Google's Touchless Sensor System OK’d by Regulators

“Project Soli” aims to allow users to control devices with simple hand motions.

Soli 1
Google ATAP (YouTube)

Google will reportedly be able to deploy innovative motion capture technology in a range of electronic devices following approval from federal regulators this week.

The Federal Communications Commission approved a waiver for the technology, known as Project Soli, late Monday, according to Reuters.

The initiative, the agency said, uses a radar beam to capture hand gestures — such as those mimicking pressing a button or turning a dial — to allow users to operate devices, from phones to computers to in-vehicle systems, without touching them.

The waiver, the report said, allows Google to operate the sensors at higher power levels than previously permitted, as well as on aircraft.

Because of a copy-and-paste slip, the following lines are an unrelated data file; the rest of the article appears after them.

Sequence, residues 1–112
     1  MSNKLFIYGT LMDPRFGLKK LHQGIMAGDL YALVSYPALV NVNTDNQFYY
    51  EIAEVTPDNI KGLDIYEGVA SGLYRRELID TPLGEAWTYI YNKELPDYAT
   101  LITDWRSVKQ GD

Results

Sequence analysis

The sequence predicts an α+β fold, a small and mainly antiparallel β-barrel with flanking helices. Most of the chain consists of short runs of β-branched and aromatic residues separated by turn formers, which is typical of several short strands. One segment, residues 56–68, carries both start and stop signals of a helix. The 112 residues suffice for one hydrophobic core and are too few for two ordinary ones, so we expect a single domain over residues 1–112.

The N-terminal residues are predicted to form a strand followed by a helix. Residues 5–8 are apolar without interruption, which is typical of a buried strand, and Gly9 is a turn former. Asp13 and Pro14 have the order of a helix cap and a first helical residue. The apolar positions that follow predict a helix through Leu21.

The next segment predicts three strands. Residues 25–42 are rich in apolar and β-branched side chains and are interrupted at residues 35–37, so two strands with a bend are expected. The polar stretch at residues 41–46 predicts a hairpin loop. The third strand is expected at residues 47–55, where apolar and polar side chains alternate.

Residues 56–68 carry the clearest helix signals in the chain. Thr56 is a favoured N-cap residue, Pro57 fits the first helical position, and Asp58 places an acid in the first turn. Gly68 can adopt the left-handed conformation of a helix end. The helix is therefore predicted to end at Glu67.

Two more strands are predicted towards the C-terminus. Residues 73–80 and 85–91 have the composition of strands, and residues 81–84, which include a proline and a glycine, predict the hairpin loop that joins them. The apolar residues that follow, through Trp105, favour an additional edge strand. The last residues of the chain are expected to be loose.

FCC officials said the waiver would benefit the public by providing “innovative device control features” — particularly for those with mobility or speech issues.

Facebook had previously questioned whether a waiver would result in Soli’s sensors interfering with other technologies operating on wireless spectrum, but the companies reached an agreement on increasing the power levels in a September filing with the FCC, Reuters noted.

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